The experience of expatriate, the divisions and disruptions associated with the Civil War and its wake, allowed writers to make what Christopher D’Addario describes every bit ‘sustained, assumed universes, ’ infinites off from the ruptures of expatriate, where the imaginativeness is autonomous. [ 1 ] Richard Lovelace, another author good known for his politicised poetics, explores the self-contradictory enabling retreat in ‘To Althea, From Prison’ :
Stone walls do non a prison brand, Nor Fe bars a coop ; Minds inexperienced person and quiet return That for an hermitage ( lines 25-28 ) .
Although Marvell ne’er openly identified with the monarchist cause, his battle with the politicised discourse of retreat is apparent. Marie Sofen Rostvig ( 1962 ) suggests that it was natural for Monarchists in licking to retreat into a retirement of the head. Following the illustration of the Gallic debauchees, royalist poets adapted the Epicurean ideal to back up a discourse of retirement that was strongly political. The privileged retreat sought to reform the monarchy as the Centre of cultural and political authorization, imaginatively represented as a pre-fall Eden in much of royalist poetry.
Marvell’s ‘Upon Appleton House’ resonates with Katherine Philips’s celebrated pastoral ‘Invitation to the Countrey’ as it repositions authorization off from the political relations and societal rubric of the town, taging a bend inwards to the independent ego in contrast to the public authorization of the province. Describing a motion off from the struggle of the town and tribunal to an rational pastoral retirement, Marvell’s ‘Upon Appleton House’ is clearly reacting to an established discourse of monarchist poetics, as evidenced by Philips’s poetry:
There may in this be some advantage found ;
For a retirement from the noise of Towns,
Is that for which some Kings have left heir Crowns:
And Conquerors, whose Laurells prest their Brow,
Have chang’d it for the quiet Mirtle bough … ( Philips, ‘Invitation to the Countrey’ , lines 10-14 )
Both poems place retreat as a status of the head every bit good as the organic structure, lauding the virtuousnesss of friendly relationship that transcends the physical separation and isolation brought approximately by the Civil War. Retreat is associated with ‘peace and virtue’ , a oasis from the ‘cens’ring croud’ and the ‘noise of Towns’ . Marvell’s battle with the discourse of retreat is non an explicitly political statement, but a tactical usage of royalist discourse to convey the anxiousness over the new government and its deductions for the stableness of the British province.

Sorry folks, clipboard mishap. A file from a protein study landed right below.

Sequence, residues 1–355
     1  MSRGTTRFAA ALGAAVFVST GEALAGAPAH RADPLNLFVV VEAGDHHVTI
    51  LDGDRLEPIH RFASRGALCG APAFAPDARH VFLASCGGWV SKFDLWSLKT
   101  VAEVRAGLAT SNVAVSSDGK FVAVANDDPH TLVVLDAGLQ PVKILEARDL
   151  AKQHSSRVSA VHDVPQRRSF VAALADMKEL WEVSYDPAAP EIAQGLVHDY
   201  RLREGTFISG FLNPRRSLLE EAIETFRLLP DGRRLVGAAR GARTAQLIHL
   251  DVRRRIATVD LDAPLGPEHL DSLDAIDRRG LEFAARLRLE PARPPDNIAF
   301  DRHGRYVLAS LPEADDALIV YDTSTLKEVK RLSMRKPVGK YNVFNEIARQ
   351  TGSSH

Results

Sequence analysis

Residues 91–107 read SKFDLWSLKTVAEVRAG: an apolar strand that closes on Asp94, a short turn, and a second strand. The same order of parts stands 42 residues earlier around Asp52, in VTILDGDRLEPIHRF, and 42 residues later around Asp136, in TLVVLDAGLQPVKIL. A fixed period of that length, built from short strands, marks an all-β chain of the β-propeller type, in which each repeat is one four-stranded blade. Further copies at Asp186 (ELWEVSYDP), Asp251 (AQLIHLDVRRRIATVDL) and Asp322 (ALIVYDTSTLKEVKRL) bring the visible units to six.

Marvell’s ‘Horatian Ode’ has been interpreted both as an dry verse form which reveals his distance from republican discourse, and as congratulations of Cromwell and grounds of his Parliamentarianism.
Though Justice against Fate complain,
And plead the antediluvian Rights in vain:
But those who do keep or interrupt
As Men are strong or weak.
Nature that hateth emptiness,
Allows of incursion lupus erythematosus:
And hence must do room
Where greater Spirits semen. ( Marvell 1971, lines 37-44 )
Marvell portrays the democracy as extremist ; nevertheless, the representation is non so expressed as to arouse the opinion authorization. Justice is personified, looking to appeal against Fate in a conflict of Godhead will. And yet, every bit shortly as she appears, she fades into the background as an arbitrary label and the moral force of justness gives manner to harsh pragmatism ( Norbrook 264 ) . Marvell’s equivocal intervention of the disruptive political relations of his clip is typical of many authors who found themselves supporting a new province. As Marvell writes, the republican authorities is a ‘forced Pow’r’ which is both enabling and modification, and hence must be both the topic of unfavorable judgment and the object of congratulations.
Andrew Marvell described his past political battle in 1673: ‘I ne’er had any, non the remotest relation to publick affairs, nor correspondence with the individuals so predominant, until the twelvemonth 1657’ ( Marvell 1971, p. 203 ) . Marvell’s equivocal political dispositions during his old ages of poetic productiveness belie the strength of his political battle. Common to authors of the clip, Marvell adopted different voices in order to negociate both monarchist and Parliamentarian discourses. His poetry is filled with images of upset and aberrance on many degrees, from the person to the province, and reveals the general anxiousness over the instability and volatility of the province government in 17th century England.
Marvell, A. ( 1971 )The Poems and Letters of Andrew Marvellerectile dysfunction. H.M. Margoliouth, Cambridge: Cambridge University Press.
Norbrook, D. ( 1999 )Writing the English Republic: poesy, rhetoric and political relations, 1627-1660Cambridge: Cambridge University Press.
Parry, G. ( 1989 )The Seventeenth Century: The Intellectual and Cultural Context of English Literature, 1603-1700. London and New York: Longman.
Prince philips, K. ( 1990 )The Collected Works of Katherine Philips: Vol. 1 the Poems, erectile dysfunction. P. Thomas, Stump Cross: Stump Cross Books.
Rostvig, M. ( 1962 )The Happy Man. Christiania: Oslo University Press.
Wallace, J. ( 1968 )Destiny His Choice: the loyalism of Andrew Marvell.Cambridge: Cambridge University Press.